By Paul Kelly
Tired of entrance reducers falling out or fussing with nails to fasten them to your hives? Try making reducers with a bevelled top surface so they wedge into your hive entrances. I make ours from clear, straight, ¾” x 3 ½” x 6 to 10 ‘pine. The first step is cutting strips that are slightly wider than the height of the entrance openings. Then, after setting the table saw blade at 10 degrees, cut a bevel on what will be the top edge of the reducer. The strips are then cut to a length that will fit into the entrance opening of the bottom boards. Making them a bit short accommodates variations in the length of the entrance; bevelling the top edge accommodates for some variation in the height of the entrance.
If you decide to make this type of reducer, test a prototype on several colonies to achieve a good snug fit for your equipment. The last step is to use a dado blade and cut the entrance notch on the edge opposite the bevel. If you don’t have a dado blade you can make multiple cuts with a normal blade. I cut the notch ¼” high by 1 ¼” wide. This provides an entrance small enough to exclude mice and large enough for the undertaker bees to toss out their fallen comrades.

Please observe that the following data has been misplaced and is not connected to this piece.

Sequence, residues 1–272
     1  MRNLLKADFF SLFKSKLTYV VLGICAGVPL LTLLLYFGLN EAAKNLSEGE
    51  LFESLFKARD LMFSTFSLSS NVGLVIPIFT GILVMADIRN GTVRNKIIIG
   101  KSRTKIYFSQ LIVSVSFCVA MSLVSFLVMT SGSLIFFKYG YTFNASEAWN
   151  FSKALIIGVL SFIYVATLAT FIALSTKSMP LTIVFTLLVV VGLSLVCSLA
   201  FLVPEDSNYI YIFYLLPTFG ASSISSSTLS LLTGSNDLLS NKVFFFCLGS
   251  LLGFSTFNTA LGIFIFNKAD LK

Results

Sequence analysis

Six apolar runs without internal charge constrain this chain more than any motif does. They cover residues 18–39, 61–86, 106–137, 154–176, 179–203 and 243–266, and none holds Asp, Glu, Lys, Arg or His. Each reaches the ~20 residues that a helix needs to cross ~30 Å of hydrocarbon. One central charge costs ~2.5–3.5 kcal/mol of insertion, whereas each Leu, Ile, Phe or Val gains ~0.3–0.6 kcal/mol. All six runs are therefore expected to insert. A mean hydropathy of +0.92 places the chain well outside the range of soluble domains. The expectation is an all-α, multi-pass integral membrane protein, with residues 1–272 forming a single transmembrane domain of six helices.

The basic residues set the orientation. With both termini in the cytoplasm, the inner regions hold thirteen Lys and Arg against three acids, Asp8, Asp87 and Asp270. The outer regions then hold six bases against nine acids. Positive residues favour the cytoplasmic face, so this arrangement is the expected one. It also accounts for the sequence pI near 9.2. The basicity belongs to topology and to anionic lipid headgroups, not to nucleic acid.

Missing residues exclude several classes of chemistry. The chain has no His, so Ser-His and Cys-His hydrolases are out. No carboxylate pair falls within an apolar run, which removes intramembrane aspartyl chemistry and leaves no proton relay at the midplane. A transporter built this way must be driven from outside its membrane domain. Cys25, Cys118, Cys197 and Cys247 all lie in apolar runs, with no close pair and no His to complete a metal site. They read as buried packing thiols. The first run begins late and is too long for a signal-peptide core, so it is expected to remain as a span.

I recently read an article with some startling statistics about table saw safety. In the United States 36,000 people injure themselves every year using a table saw. I know more than a dozen people who have injured their hands this way. Most of them are beekeepers. Your table saw manual describes how and when to use the fence, mitre gauge, blade guard, splitter or riving knife, push stick and feather board.
Hands are pretty handy!
Originally Published in the Ontario Bee Journal